Mike Leinbach and I are excited to be kicking off this new project in conjunction with our forthcoming book, Bringing Columbia Home.
Our research for the book over the past year and a half has involved talking to more than 100 participants in the recovery and reconstruction of Columbia. We have interviewed people from all walks of life – from the former Administrator of NASA (Sean O’Keefe), to more than a dozen astronauts, to employees of the FBI, FEMA, US and Texas Forest Services, to people like Marie “Little Granny” Nelson, a volunteer who prepared and served food for the search crews in Hemphill, Texas in February 2003.
We’re amazed at how the loss and recovery of Columbia deeply touched and changed the lives of every one of the 25,000 people involved in the effort. It was an event of critical national importance. The success of the effort required extraordinary personal compassion, commitment, and courage.
The loss of Columbia and her crew was an international tragedy. Equally tragic is that so many people do not know or remember the amazing work done by everyday Americans to recover Columbia. Their courage and sacrifices enabled NASA to get the space shuttle fleet flying again and continue its mission.
The story of Columbia‘s recovery and reconstruction is simply too big to fit into one book. That’s why we started this blog. We hope to shine a light on the incredible events of the first half of 2003, when Americans of all backgrounds united to perform the largest land search and recovery operation in our history.
Please let us know if you or one of your friends or family took part in the recovery and reconstruction. We look forward to hearing from you!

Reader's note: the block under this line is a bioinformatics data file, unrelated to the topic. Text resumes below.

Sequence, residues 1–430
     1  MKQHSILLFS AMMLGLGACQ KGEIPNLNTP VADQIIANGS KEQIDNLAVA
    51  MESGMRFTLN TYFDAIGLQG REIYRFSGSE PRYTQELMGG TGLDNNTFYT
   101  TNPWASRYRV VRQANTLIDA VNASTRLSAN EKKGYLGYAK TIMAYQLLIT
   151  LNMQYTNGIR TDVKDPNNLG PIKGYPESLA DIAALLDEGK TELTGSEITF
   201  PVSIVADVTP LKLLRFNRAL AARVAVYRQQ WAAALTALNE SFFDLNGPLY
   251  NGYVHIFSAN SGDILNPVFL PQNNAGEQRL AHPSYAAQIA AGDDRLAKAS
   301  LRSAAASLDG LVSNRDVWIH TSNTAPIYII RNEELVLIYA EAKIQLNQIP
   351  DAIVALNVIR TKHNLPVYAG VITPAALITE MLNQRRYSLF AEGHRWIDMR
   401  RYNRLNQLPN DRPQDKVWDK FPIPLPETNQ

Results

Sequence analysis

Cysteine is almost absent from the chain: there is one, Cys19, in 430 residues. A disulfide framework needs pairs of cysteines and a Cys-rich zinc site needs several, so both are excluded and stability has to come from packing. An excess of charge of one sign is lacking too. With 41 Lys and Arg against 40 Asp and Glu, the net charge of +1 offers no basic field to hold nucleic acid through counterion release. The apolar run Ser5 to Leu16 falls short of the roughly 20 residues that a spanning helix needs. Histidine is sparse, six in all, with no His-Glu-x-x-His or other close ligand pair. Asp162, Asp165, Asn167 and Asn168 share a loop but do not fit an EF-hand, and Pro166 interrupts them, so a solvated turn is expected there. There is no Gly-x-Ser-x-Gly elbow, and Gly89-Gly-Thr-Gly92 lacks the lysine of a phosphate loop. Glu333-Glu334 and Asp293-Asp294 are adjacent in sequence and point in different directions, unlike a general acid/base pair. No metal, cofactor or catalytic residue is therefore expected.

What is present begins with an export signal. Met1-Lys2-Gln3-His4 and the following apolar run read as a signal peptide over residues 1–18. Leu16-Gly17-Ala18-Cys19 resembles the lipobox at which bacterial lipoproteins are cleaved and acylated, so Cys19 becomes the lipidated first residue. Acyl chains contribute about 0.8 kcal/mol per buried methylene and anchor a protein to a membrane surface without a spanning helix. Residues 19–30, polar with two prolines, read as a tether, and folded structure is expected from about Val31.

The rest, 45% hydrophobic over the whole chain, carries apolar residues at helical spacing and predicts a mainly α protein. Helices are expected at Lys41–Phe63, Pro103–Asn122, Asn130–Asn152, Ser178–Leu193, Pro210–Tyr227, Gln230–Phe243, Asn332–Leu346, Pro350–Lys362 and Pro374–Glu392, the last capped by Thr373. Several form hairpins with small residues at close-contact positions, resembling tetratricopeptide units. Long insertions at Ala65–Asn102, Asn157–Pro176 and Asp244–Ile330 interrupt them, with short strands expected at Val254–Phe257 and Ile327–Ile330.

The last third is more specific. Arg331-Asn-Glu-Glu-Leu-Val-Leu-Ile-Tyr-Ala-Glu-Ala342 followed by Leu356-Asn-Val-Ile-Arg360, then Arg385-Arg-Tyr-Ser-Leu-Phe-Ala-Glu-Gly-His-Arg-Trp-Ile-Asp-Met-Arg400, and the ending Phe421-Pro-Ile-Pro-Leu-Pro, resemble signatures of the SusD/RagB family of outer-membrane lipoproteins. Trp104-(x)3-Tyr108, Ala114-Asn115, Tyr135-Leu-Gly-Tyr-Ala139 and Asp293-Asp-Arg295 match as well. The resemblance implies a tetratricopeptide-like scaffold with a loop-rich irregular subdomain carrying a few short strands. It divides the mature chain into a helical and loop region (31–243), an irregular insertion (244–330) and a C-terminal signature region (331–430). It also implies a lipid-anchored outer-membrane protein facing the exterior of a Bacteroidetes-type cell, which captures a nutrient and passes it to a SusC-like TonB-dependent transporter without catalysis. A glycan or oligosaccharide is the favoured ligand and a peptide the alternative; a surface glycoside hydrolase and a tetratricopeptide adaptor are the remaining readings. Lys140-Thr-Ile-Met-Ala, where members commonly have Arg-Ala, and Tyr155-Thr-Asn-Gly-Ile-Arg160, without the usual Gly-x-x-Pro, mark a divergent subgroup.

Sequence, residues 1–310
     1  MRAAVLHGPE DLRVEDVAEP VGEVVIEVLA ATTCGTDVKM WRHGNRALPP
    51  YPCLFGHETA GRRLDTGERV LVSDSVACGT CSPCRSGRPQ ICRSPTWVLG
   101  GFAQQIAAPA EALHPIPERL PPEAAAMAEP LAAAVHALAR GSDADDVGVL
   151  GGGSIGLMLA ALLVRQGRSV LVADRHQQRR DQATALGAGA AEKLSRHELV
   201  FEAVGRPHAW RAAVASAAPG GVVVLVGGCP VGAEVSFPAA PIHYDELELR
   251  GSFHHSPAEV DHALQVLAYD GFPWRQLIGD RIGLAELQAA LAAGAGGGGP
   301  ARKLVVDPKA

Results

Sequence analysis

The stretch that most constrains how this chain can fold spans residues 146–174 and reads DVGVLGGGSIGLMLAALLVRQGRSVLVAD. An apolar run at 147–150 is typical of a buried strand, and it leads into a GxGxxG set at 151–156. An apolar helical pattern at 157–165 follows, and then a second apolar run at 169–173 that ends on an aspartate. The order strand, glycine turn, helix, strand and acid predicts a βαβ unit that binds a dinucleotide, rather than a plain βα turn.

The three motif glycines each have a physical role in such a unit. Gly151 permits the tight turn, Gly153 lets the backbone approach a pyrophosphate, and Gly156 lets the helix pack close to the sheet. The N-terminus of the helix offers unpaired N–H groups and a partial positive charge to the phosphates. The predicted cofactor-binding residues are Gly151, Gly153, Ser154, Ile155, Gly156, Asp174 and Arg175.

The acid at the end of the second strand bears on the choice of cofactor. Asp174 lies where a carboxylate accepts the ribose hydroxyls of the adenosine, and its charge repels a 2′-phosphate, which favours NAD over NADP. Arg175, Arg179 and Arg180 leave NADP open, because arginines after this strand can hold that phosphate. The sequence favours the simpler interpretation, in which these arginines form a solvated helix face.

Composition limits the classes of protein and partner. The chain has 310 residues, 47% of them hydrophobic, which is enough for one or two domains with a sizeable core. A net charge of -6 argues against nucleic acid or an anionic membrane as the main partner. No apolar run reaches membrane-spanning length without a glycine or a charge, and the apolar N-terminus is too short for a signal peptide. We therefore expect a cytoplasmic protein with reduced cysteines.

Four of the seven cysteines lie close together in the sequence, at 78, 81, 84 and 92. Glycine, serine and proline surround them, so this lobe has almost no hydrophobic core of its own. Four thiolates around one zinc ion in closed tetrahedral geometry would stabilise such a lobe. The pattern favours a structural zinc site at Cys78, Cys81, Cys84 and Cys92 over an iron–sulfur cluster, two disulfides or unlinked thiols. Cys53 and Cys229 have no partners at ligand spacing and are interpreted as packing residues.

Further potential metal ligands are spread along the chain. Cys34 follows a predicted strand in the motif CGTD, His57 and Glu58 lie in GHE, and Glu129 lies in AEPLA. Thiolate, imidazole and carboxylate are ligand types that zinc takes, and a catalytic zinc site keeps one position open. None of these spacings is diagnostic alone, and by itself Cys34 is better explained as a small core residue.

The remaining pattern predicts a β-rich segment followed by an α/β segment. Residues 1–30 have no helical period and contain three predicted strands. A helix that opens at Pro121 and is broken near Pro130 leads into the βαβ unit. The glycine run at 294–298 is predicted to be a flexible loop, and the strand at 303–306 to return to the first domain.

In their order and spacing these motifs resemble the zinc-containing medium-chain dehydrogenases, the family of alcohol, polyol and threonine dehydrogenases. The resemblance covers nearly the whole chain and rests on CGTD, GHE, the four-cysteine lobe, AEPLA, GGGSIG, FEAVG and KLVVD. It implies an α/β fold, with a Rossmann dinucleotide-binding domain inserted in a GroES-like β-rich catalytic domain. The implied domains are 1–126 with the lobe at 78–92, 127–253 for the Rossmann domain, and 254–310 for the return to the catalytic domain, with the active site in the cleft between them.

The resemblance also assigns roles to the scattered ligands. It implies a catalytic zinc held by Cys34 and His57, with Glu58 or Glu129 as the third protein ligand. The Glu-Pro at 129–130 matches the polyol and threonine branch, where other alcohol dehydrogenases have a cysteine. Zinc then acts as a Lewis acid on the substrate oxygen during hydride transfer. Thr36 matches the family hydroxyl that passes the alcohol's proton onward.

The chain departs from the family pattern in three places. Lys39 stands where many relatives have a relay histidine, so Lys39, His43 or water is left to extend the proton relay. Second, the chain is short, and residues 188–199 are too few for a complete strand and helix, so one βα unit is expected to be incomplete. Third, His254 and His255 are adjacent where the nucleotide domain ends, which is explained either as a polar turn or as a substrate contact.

There are very few subjects that would get me to write a book or participate in a blog, but finally telling the untold piece of the Space Shuttle Columbia tragedy has done it. Jonathan Ward and I are honored to finally bring it to you and the American people, who deserve to know how well the recovery and reconstruction of Columbia‘s debris went. And, more importantly, it relates how thousands of Americans from completely diverse walks of life came together for the single purpose of assisting NASA and their country in an endeavor unlike any other in history.
The loss of Columbia’s seven astronaut crew members and the Orbiter itself has been documented in several books of varying styles, technical acumen, and/or retrospective insight, but the recovery of her debris and subsequent reconstruction for engineering forensic study has never been adequately documented. ‘Bringing Columbia Home’ will do it in detail, with the story told by those that did it. It is an integral part of the national tragedy and, interestingly, a real success story.
The loss was deeply moving for those of us who were close to the astronauts and the Space Shuttle program. It also became an indelible memory for over 25,000 Americans who answered the call for help. The book will be dedicated to them. We hope it will well honor the American spirit of cooperation and compassion they brought to the effort. I saw it. I experienced it. I was part of it. It was real.
Jonathan and I welcome your comments and recollections as we write the book. We have tried very hard to interview folks from all the many different organizations and “ordinary citizens” who contributed their time and hearts recovering over 84,000 pieces of Columbia from the raw fields of east Texas and those that were asked to figure out what happened to the mighty spaceship based solely on the recovered debris.
The success of both groups contributed directly to NASA’s ability to get the Shuttle flying again, and safer. And that was glorious to experience.
So here we go. And to the 25,000, we hope the eventual book (publication estimate December, 2017) will be one you will be proud of and can share with your families, friends, and especially your children, relating your own contribution in a way only you can. For me, I am profoundly proud to have been part of your team.